Saturday, June 26, 2010

Learning to Love Python from a C/C++ background

Originally at:

I'm a guy from a C/C++ background who did linux kernel development, and picked up python along the way and used it to do desktop tools. I used python (without knowing any of it) to write a disassembler for a project I was doing in 2003 on a non-x86 processor. It took me 5 days to learn the language enough to do so and to write the entire tool, at which point I "got it".

First off, Java isn't a toy language. You've characterized it improperly. Java is a bureaucratic language. You have to cross your t's dot your i's, fill out your requests in triplicate at the FactoryFactoryFactory to get the objectOfYourDesire. Why is this so?

This comes back to how C++ works on projects, especially large projects and midsize projects with a couple mediocre programmers thrown in (because, in commercial software development, you rarely get control of your team). C++ does not work well for large team development unless 1> You have very capable people 2> and you can fire everyone who steps outside the "defined okay subset" of C++ you use on the project. The language is too big, certain parts make it too uncertain, etc, for people to just willy nilly use all the language features. So Java, is basically Sun's "redoing" of C++ where they took its wild west nature, and made a BureauDisney version where you can't do a dozen things that happens in C++ all the time when good programmers go off the reservation or bad programmers enter the equation at all.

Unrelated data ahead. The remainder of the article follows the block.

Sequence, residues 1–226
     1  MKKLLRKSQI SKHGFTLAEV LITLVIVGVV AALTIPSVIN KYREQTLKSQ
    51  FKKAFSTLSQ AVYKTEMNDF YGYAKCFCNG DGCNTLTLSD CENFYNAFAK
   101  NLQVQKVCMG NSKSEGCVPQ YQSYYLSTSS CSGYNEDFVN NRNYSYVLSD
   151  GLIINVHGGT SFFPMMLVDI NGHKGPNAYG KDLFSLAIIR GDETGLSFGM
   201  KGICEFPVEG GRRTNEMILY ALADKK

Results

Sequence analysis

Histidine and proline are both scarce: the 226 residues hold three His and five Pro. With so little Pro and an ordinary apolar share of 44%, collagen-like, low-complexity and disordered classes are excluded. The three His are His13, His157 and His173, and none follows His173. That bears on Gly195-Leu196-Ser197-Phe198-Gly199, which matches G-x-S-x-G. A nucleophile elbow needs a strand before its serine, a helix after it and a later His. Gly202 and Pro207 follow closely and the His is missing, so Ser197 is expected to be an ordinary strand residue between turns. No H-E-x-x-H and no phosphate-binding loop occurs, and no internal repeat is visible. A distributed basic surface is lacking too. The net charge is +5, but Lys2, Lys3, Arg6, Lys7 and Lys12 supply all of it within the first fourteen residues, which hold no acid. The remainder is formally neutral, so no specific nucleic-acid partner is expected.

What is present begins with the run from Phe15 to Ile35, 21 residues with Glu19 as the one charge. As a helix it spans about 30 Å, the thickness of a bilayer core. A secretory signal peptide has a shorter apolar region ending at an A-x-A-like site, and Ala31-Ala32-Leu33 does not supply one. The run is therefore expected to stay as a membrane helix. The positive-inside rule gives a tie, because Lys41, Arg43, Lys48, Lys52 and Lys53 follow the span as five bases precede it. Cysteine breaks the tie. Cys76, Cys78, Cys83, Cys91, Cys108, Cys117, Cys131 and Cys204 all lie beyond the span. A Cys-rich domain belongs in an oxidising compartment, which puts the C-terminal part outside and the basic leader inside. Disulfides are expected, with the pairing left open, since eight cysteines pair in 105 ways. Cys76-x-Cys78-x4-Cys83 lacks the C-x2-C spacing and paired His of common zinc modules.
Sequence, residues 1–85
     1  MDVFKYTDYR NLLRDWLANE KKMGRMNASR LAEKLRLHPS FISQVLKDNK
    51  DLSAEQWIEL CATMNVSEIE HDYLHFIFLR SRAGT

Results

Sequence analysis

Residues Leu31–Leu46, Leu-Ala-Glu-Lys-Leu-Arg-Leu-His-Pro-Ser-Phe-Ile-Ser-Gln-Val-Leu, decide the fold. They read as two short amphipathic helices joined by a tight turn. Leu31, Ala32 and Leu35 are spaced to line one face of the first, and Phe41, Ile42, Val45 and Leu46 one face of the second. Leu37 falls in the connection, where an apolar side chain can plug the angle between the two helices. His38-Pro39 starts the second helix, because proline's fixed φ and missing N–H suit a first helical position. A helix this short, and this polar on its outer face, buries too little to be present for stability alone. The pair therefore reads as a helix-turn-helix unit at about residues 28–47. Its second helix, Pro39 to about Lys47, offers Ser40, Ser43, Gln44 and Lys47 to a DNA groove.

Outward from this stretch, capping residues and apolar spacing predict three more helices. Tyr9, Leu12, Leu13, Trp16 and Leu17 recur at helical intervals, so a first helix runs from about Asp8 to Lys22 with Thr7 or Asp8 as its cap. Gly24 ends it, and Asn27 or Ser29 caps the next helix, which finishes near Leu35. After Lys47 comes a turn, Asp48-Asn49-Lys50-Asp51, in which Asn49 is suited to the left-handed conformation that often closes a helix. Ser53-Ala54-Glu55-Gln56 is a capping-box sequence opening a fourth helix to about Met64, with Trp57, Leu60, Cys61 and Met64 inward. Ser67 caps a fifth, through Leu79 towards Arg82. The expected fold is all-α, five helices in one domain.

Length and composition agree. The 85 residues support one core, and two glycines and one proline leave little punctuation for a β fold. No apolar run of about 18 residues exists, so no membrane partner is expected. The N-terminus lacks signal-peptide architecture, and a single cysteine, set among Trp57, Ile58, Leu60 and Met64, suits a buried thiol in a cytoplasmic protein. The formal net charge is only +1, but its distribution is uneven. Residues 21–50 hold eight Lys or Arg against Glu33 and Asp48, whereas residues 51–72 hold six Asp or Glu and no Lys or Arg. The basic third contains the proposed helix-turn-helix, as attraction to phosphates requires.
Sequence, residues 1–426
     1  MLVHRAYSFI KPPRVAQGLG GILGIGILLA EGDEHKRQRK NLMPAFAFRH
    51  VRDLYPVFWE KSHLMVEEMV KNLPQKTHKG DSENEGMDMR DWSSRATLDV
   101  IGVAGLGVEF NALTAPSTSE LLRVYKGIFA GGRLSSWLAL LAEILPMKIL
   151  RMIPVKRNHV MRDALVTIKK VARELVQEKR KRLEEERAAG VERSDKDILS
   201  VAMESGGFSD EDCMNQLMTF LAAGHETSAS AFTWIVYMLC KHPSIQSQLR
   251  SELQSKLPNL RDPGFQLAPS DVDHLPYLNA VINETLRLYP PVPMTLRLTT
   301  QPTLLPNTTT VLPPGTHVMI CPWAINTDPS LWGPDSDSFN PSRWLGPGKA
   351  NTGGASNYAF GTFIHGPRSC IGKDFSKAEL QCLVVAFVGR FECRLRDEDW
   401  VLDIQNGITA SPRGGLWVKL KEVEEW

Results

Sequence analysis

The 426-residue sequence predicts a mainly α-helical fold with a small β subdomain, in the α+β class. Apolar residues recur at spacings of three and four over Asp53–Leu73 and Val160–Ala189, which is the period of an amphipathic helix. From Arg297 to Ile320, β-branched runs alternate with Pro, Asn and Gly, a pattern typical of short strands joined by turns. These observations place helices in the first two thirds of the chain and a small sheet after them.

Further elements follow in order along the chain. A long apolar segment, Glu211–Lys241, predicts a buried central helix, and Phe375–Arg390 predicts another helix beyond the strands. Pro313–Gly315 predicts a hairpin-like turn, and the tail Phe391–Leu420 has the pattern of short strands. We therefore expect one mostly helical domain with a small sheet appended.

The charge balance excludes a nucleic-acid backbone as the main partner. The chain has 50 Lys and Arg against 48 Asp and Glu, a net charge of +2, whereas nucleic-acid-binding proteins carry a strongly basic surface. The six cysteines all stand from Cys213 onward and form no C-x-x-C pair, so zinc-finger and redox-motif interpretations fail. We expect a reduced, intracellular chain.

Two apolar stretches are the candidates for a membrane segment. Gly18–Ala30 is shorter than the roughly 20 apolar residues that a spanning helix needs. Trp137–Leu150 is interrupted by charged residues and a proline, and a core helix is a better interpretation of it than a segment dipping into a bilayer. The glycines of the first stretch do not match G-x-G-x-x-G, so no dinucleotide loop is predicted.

C++ has uses, but it's the sulfuric acid of programming languages: you have to have good personnel control and fire those who screw around outside the boundaries of the right style. A programming group with one guy programming like C with classes and another guy programming like it's Ocaml without garbage collection, and you're in for a mighty piece of hell.

So that's where Java came from. That's why it is what it is, and I hope I've highlighted a non-business issue with C++ that comes up from it's overabundance of "understanding breaking powers" which don't mess well with total programmer freedom.

Now lets look at what python was, and what it is now: Python was originally designed as a substitute for the pascal/BASIC line of programming languages (specifically a language called ABC). It was designed to be very very clear. It still is very very clear. It is still quite terse compared with C++/Java/C, but it's wordier than perl and ruby, but very much clearer for even non-python programmers to decipher much of the time.

Over time, it grew into an Application development and webserver development language. Why?